The brooding ‘Incomprehensible Captivity’ paints a sombre portrait of King’s life in chains, before a real change in feel, the pop instrumental ‘Kong Hits the Big Apple – a real throwback to the days of disco’ yet itself not without a certain camp drama before the orchestra returns for the tragic grandeur of the final cues…

    So, this is one of my favourite film scores, but I still can not but think it is one of Barry’s best. I can’t think of any higher recommendation than that. Don’t worry that there isn’t any extra’ music. What there is is surely enough. And the sound is a revelation after the LP, exposing details and offering a clarity of sound which makes the music seem fresh and new. This disc should be in every self-respecting film music collection. A pity there are only 3000 copies, or that this reissue could not have been more mainstream.

    Gary Dalkin


    FSM Press release:

    King Kong is one of Hollywood's most legendary creations, from the groundbreaking 1933 original to the highly anticipated Peter Jackson remake. In 1976 producer Dino De Laurentiis struck box-office gold with his own incarnation of the story, starring Jeff Bridges, Jessica Lange, and a colossal forty-foot model of Kong. The film was a massive production with ambitious special effects.

    Scoring the remake of one of the most famous films inHollywoodhistory was one of the few composers with the clout and talent to forge ahead with his own style: John Barry. The original's Max Steiner had practically invented the film score genre with the project, yet Barry was known for a completely different approach -- eschewing "Mickey Mousing" in favor of melody, mood and large-scale symphonic structures.

    De Laurentiis had sought out Barry for the composer's romantic touch, and Barry responded by making the centerpiece of his score a gorgeous love theme that evoked the "beauty and the beast" angle of the story rather than the widescale destruction -- although Barry's James Bond experience helped in casting the tragedy, menace and suspense with symphonic grandeur. The score produced one of Barry's loveliest themes and is one of his signature works of the '70s, completely different from the Steiner score but with an avid following all its own.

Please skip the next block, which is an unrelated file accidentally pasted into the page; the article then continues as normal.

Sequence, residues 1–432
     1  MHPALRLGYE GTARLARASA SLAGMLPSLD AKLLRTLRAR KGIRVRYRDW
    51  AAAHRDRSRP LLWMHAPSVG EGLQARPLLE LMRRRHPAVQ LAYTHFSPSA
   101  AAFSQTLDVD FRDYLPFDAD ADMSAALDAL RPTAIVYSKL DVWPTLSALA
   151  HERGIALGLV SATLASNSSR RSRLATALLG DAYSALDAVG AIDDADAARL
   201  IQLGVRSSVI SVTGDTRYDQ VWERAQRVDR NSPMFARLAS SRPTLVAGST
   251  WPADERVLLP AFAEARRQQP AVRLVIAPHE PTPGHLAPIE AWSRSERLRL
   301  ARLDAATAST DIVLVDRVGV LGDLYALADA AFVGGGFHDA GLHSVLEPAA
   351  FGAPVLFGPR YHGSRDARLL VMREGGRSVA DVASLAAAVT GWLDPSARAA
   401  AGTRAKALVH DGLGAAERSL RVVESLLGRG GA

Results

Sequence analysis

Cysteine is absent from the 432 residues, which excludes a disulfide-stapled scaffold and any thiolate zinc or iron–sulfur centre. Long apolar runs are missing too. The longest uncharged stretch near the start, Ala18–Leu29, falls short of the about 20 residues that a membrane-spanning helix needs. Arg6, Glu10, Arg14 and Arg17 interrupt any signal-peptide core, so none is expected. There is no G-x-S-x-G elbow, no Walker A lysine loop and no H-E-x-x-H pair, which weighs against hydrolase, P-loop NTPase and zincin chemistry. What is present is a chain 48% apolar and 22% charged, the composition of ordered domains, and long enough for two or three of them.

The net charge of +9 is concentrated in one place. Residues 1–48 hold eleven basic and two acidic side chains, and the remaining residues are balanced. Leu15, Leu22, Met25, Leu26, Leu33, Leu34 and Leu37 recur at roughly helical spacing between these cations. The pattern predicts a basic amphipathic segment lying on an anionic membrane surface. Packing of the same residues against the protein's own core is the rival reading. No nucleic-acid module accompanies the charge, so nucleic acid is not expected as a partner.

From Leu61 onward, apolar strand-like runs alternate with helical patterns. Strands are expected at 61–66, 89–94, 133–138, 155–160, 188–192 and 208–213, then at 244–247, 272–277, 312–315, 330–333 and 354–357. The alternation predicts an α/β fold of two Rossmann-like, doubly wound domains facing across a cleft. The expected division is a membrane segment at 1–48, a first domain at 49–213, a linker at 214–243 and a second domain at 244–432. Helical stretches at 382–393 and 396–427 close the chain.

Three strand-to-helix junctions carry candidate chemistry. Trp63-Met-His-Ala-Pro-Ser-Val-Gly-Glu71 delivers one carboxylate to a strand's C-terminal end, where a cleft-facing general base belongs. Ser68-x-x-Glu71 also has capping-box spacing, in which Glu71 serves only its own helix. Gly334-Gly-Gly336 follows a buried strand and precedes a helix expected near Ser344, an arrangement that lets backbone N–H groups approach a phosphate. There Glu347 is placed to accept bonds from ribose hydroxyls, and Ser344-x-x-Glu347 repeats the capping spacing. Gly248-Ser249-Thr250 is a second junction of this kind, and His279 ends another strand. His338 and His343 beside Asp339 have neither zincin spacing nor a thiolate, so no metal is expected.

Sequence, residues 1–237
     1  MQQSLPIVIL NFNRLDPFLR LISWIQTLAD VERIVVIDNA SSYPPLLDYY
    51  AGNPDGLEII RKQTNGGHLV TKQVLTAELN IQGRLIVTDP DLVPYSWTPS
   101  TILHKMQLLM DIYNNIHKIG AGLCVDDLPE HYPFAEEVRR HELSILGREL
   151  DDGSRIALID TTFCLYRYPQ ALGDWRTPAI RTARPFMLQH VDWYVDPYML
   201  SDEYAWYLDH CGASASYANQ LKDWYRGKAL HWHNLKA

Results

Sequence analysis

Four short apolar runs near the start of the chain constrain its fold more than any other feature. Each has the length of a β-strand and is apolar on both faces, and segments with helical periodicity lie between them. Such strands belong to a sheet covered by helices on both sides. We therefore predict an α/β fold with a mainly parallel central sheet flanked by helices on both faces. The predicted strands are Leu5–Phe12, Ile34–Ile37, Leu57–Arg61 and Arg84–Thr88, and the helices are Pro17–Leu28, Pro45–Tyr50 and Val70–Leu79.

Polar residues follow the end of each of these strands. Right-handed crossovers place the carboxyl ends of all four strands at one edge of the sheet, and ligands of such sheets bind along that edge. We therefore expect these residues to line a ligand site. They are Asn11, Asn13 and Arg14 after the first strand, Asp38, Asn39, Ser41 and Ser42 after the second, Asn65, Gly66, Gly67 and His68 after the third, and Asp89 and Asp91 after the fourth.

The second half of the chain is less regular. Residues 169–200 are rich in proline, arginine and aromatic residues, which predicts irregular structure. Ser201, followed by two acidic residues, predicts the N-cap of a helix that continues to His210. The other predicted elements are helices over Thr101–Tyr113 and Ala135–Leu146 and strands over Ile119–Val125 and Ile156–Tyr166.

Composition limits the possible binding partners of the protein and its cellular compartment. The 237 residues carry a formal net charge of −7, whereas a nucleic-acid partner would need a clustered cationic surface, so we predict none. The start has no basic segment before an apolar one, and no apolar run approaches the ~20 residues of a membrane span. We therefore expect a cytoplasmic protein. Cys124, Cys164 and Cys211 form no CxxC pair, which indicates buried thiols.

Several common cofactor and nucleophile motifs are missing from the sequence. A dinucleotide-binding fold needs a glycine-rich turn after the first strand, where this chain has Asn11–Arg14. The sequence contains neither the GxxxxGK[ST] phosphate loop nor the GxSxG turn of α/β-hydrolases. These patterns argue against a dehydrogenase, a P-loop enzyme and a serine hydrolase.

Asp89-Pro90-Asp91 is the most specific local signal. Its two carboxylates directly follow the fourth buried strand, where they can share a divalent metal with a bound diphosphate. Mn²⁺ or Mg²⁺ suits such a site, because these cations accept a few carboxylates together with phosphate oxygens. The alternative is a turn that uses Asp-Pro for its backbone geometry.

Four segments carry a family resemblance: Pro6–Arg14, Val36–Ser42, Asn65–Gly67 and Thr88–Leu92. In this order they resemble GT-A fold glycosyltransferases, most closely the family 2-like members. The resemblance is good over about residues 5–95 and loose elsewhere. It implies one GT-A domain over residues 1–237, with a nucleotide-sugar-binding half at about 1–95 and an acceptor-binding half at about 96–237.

This premiere CD of the 1976 King Kong features the original Reprise Records program of the soundtrack, running 42:30. Although collectors may have acquired a CD of this title on the "Mask" label, that album was an unauthorized edition believed to be mastered from an LP -- FSM's release is the first official CD mastered from the original 1/4" stereo album tapes.

    King Kong(1976) is an example of a soundtrack where the album rights are held by a different corporate family than that which distributed the film itself; therefore, we are unable to expand or remix the music beyond the original LP edition. We are offering the CD at a lower price ($16.95) as a result, and have made every effort to ensure the best-possible sound. This is, at last, the first authorized CD of one of John Barry's best-known works.

    Liner notes are by Barry experts Geoff Leonard, Pete Walker and Stephen Woolston.

    Track listing

    King Kong (1976)
    Music Composed and Conducted by John Barry

    01:  The Opening 2:14
    02:  Maybe My Luck Has Changed 1:48
    03:  Arrival on the Island 2:43
    04:  Sacrifice -- Hail to theKing 7:06
    05:  Arthusa 2:18
    06:  Full Moon Domain -- Beauty Is a Beast 4:22
    07:  Breakout to Captivity 4:06
    08:  Incomprehensible Captivity 2:52
    09:  Kong Hits the Big Apple 2:33
    10:  Blackout in New York/How About Buying Me a Drink 3:20
    11:  Climb to Skull Island 2:26
    12:  The End Is at Hand 1:41
    13:  The End 4:24

    Total Time: 42:30

    Return to Index

    Reviews from previous months

    You can purchase CDs, tickets and musician's accessories and Save around 22% with these retailers: